Are You A Food Stalker?

Are You A Food Stalker?

Yes, it’s a thing. Though it’s hard to get a restraining order.

A food stalker is someone for whom a certain food-stuff is something they can’t live without. Or at least they feel they can’t. They dream about it; yearn for it; have an emotional connection to it; can’t bear to be apart.

And when the love affair ends, they spend an unhealthy amount of time obsessing about it; tracking it down on social-media and trying to get back that feeling with endless attempts at recreating it.

I’m not trying to be flippant about a serious subject. Merely drawing a parallel with obsessive behaviour and how finding the ability to let go is the only way to move on with your life.

Perhaps you have a strong connection with a certain food? Is there something that resonates so deeply with you that you’re mopping up saliva just at the very thought of it?

For many it’s pizza. Others crave ice cream; that old go-to in times of emotional crisis. Cake always ranks highly on the list; as does chocolate. But surprisingly, bread has captured more hearts – while contributing towards the stopping of them – than just about any other food-stuff.

Before you assume that I’m being judgemental, or just don’t get-it: let me explain. I was a bread-a-holic. I loved the stuff! I’d practically float six inches off the floor every time I passed a bakery. To be honest, I could rarely pass it by without buying something warm, fragrant and wondrous.

When I think back now: I cringe at the hold this item of food had upon me. It’s not like there weren’t any side-effects. A couple of minutes of pleasure would be followed by several hours of bloating and discomfort. Best not mention the gas!

But do you know what? Despite how much I loved bread (oh how I did), I will never eat another slice ever again. And what’s more, I no longer miss it.

Love turned sour. Or at least my love affair with bread and processed carbs in general did, once I switched to a more natural way of eating. For a long time, I’d resented the lack of control I had over my food choices and the way in which this impacted the body, health and lifestyle I wanted. When I was finally able to see things with clarity; weighing the pros and cons of staying the same vs making a pro-active choice: the answer was clear.

Believe me, I totally understand the emotional connections we form with food. The taste often being a trigger that allows us to revisit an experience, feeling or memory, on a deeper level: Grandma’s apple pie now she’s no longer around; a huge bowl of ice-cream and your favourite movie when you’re feeling down and in need of comfort; a bumper-bucket of popcorn at the cinema as part of the overall experience. We’re creatures of habit, and familiarity feels safe.

While it’s human nature to want to recreate the good times and seek comfort in familiar experiences: it should only be done when it isn’t negatively impacting your health.

A lifestyle change, reflected in healthy food and exercise choices, must therefore, also include a mental change. And to achieve that we must say goodbye to some of the things we once loved. To put this into context: understand that the food aspect is only one part of the memory, and not the most important part.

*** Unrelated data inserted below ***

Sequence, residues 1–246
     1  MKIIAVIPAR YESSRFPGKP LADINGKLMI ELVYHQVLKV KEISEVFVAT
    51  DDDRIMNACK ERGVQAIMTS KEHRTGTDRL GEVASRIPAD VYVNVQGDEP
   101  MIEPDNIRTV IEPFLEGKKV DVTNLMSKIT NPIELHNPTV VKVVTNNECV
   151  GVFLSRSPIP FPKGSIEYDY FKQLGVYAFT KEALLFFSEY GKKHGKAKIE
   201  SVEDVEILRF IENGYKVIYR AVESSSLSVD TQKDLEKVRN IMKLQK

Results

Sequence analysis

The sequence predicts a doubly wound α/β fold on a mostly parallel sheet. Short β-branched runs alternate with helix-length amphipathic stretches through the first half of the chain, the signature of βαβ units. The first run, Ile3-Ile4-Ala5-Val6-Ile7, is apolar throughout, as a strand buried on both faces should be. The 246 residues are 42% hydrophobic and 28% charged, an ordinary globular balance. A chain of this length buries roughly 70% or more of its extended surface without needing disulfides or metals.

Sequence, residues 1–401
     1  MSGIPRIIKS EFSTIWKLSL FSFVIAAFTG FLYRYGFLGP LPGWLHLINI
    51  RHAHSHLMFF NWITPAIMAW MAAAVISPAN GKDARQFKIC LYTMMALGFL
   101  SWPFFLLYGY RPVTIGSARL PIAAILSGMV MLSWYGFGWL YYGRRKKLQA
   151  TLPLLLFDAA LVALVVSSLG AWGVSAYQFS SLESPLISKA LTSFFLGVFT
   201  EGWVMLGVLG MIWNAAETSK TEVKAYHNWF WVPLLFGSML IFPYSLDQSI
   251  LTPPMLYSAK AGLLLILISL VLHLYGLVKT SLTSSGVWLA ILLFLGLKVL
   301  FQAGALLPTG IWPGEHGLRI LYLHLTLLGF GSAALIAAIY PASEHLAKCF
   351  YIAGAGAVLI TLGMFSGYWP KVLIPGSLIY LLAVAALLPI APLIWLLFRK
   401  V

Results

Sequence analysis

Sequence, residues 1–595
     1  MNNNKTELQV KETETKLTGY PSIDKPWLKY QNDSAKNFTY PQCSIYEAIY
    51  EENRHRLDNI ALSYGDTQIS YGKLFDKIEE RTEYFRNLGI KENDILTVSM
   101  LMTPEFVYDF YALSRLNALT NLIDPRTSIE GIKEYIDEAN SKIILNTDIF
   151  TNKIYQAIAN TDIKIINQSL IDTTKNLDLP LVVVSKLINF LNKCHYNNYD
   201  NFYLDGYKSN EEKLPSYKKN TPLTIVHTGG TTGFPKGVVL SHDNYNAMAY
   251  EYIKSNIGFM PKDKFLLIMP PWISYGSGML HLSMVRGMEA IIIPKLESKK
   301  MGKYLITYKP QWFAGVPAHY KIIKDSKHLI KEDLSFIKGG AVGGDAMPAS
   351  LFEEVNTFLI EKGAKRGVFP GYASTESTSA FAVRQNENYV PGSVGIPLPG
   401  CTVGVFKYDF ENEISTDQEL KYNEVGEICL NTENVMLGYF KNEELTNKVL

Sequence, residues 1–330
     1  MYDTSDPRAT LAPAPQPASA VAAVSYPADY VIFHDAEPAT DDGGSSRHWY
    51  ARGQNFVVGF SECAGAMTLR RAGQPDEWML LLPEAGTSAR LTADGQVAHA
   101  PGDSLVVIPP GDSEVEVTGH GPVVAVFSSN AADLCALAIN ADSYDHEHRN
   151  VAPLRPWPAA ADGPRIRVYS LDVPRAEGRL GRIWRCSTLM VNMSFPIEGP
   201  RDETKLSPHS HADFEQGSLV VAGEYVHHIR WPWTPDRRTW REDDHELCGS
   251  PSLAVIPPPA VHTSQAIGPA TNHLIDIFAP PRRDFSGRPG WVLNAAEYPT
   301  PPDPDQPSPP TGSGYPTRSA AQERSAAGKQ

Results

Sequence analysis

Grandma’s company was the important thing, not the pie; you saw the film, regardless of how much popcorn you stuffed into your mouth; and that bowl of ice-cream when you were down, only served to instigate a sugar rush and subsequent crash when blood-sugar levels dropped once more.

Warning: clinging to certain foods leads to obsession. Once you transition to the mindset that food is there to further your goals, it soon becomes easier to let go of the items that hold you back.

So, if logic tells us that ice-cream, popcorn and bread aren’t conducive to our positive lifestyle choices, why waste any time trying to replicate them? The reality is, that it was their sugar and highly-processed carb content that made them taste so damn good in the first place. Take those ingredients out and what are you left with; seriously?

I’ve lost count of the number of Paleo/Keto friendly recipes for bread or ice-cream, and the quest for the perfect low-carb pizza-crust is a whole other level of alchemy!

And to be honest, I don’t think they’re all that healthy; many of them relying on an assortment of chemical elements to achieve the required structure/texture. They may not contain carbs, but if I can’t pronounce something, then I’m sure as hell not going to eat it.

More relevant, in my opinion, is the fact that this obsession is generally about recreating foodstuffs that never did you any good in the first place. A new lifestyle warrants optimism and need not be infected with thoughts of loss; especially when, in reality, you’re gaining so much more.

Take a lesson from Victor Frankenstein. It doesn’t matter how much time and effort you put into recreating your lost love, it will never turn out as good as you hope. And if you do succeed in bringing to life something that loosely resembles the object of your desire, it may try to kill you. At the very least it will keep you connected to an item of food that you no longer need, never did you any good, and doesn’t fuel your new way of life.

Time for a clean break. Stop ‘pinning’ articles on the perfect pizza-base, end your bread-porn habit, and leave the ice-cream themed social media groups before it’s too late. There’s a whole world of amazing food out there and new emotional connections to be made; all of which support your lifestyle choices, not sabotage them.

Consider this one last point: If your taste buds are changing due to the lack of unnecessary sugar and processed carbs: how could you ever hope to recreate the taste you remember?

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